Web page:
After past efforts have gotten bogged down, the Florida Legislature may finally approve legislation that, according to Sen. Tom Lee, would provide concierge medicine to the masses.
Lee’s bill (SB 80), which would help lead to the use of “direct primary care” agreements, was approved unanimously Tuesday by the Senate Health Policy Committee. Business associations and medical lobbyists supported it.
The lone voice of opposition came from Brian Pitts, who is with the group Justice-2-Jesus and is known in the Capitol for providing commentary on a wide range of issues. Pitts said the bill would lead to people being stranded without adequate coverage and no protections from the Florida Office of Insurance Regulation.
“The simplest things get hung up,” Lee, a Thonotosassa Republican, said after Pitt’s testimony. “I don’t understand.”
Tuesday’s vote was the second Senate committee to approve the bill, which now heads to the Senate Appropriations Committee. It then could go to the full Senate during the 2018 session, which starts in January.
House Insurance & Banking Subcommittee Chairman Rep. Danny Burgess, a Republican from Zephyrhills, has filed the companion measure (HB 37). It has not been heard, but House leaders have long backed direct primary care agreements. The House last year voted 107-6 to pass a direct primary care bill, but the proposal stalled in the Senate.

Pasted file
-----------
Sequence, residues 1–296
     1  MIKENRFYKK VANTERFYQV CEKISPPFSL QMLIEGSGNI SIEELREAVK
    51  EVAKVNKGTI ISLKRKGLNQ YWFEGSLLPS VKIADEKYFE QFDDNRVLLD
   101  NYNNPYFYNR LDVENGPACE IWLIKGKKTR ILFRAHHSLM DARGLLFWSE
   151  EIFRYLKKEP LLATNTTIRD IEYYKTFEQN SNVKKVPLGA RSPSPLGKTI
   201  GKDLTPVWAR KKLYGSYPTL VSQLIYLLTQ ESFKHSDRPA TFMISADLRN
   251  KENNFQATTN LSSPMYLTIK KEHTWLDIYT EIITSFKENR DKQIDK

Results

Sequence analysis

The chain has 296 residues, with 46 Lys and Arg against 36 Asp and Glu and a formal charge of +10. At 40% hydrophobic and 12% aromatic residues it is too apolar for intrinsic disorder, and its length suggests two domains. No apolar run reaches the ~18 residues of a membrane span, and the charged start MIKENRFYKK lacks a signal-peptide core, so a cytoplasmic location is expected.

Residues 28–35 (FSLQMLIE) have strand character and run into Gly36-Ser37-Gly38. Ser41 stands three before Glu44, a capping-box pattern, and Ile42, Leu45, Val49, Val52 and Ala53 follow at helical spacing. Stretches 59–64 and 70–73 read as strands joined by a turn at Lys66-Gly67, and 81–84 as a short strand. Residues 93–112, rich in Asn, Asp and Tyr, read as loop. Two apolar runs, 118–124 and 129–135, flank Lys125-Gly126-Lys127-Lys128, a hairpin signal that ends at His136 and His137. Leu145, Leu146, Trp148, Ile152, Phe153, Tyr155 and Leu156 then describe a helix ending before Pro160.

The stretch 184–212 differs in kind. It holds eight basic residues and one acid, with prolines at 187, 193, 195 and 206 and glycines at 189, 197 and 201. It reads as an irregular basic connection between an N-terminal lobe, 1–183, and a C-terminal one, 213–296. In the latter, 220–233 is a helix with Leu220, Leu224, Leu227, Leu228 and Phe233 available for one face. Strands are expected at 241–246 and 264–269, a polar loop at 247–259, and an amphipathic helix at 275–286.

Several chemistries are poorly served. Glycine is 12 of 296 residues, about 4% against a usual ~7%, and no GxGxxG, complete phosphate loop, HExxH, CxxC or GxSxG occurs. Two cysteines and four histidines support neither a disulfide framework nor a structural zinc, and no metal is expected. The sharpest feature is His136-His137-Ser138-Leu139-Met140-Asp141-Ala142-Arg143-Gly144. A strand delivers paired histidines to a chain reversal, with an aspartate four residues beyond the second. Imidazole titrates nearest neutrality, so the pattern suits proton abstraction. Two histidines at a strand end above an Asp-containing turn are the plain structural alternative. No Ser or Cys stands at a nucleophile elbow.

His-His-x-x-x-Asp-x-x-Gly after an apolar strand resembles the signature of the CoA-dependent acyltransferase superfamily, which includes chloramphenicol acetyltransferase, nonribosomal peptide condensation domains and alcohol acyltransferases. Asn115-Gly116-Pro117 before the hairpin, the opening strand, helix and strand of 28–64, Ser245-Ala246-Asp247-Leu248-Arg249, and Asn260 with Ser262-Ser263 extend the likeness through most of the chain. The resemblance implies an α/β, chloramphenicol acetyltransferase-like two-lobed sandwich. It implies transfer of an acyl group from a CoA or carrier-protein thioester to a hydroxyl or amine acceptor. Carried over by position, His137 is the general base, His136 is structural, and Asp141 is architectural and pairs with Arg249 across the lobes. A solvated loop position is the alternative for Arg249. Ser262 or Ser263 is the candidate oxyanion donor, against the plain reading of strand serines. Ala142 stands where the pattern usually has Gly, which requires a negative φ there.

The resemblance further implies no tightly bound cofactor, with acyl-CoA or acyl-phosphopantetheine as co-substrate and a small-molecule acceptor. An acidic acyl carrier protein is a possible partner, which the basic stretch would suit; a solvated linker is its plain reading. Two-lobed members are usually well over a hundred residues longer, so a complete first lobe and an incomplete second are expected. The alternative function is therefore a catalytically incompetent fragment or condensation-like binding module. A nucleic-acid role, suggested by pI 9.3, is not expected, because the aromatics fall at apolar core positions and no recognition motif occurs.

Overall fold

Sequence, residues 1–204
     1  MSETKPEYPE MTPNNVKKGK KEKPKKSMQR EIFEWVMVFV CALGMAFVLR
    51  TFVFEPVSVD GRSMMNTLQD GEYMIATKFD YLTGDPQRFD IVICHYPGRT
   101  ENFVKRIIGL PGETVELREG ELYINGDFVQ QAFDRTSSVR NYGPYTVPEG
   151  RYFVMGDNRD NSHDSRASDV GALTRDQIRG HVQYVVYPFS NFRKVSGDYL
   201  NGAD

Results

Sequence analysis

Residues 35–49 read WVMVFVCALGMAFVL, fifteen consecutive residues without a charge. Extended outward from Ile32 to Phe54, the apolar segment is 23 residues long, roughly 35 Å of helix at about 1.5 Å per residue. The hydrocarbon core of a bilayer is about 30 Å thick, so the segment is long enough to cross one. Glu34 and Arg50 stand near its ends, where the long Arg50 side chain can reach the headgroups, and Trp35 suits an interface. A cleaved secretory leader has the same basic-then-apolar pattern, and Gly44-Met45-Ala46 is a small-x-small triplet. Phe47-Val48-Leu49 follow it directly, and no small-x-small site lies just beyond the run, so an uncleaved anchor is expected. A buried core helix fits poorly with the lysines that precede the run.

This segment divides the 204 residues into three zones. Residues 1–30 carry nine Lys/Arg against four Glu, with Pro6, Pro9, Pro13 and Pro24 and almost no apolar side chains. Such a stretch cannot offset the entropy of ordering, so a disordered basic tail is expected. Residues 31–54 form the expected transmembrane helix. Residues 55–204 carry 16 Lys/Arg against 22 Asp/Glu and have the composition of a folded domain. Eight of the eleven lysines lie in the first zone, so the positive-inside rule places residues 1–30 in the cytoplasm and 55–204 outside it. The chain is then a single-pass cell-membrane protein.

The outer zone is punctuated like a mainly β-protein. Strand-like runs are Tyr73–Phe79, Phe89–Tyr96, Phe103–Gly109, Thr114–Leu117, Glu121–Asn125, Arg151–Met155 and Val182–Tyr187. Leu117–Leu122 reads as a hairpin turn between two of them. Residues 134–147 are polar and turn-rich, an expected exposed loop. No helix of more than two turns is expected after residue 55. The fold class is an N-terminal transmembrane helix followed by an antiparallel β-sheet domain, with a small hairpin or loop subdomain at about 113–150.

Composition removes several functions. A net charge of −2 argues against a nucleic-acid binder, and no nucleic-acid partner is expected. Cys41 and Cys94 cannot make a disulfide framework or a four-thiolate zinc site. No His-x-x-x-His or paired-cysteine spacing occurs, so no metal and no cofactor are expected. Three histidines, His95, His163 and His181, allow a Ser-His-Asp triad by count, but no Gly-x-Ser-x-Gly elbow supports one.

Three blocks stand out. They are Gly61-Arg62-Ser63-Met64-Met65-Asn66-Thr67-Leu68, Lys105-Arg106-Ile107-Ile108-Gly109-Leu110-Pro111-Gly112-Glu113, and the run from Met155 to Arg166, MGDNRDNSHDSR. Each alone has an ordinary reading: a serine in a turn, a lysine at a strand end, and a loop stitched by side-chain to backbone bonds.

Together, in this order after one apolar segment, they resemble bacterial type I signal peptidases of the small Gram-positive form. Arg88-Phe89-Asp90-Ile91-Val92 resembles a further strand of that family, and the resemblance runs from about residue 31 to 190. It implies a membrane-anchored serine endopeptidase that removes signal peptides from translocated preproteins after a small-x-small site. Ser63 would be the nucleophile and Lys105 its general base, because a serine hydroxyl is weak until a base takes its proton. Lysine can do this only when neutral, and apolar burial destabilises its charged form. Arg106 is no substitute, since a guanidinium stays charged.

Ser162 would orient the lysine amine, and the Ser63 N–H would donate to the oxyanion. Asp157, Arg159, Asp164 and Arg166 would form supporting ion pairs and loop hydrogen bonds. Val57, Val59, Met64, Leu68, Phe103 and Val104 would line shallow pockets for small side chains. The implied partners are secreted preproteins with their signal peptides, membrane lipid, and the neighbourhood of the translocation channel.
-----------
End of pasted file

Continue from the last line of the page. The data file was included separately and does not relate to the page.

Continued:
Lee’s bill makes clear that providers can enter into arrangements that allow them to collect monthly fees in exchange for providing primary health-care services to patients without running afoul of any insurance laws.
Initially, the concept was termed “concierge medicine” and was something tailored to the affluent who would pay to have priority access to physicians. But it has morphed from something offered to the rich to an alternative approach for people to get their health care.
Direct primary care arrangements are contracts between providers and patients or the patients’ employers or legal representatives. Under the bill, either party could terminate the direct primary-care contracts with 30 days’ notice.
This is the fourth year a direct primary care bill has been filed in the Legislature, though it is structured differently.
In year’s past, the proposal would have amended the Florida insurance code to include a definition of direct primary care arrangements and authorize providers to offer the contracts. The bill would have amended statutes to make clear the arrangements aren’t insurance products.
This year, the bill would amend laws that regulate health-care providers to lay out the dos and don’ts of primary care arrangements. It also would amend insurance law to make clear the arrangements aren’t insurance.
Lee said the change was made at the behest of legislative staff. The bill does not authorize direct primary care arrangements for Medicaid.
The small-business group NFIB Florida was one of the first proponents of direct primary care arrangements and continues to push for passage of a bill.
“We think it’s time has come. Small business owners want direct primary care as a health care option for themselves and their employees,” NFIB Florida Executive Director Bill Herrle said.
Although direct primary care arrangements are available now, Herrle said there are physicians who “want to make the leap but prudently want regulatory clarity before they stake their career on a new business model.”
Republished with permission of the News Service of Florida.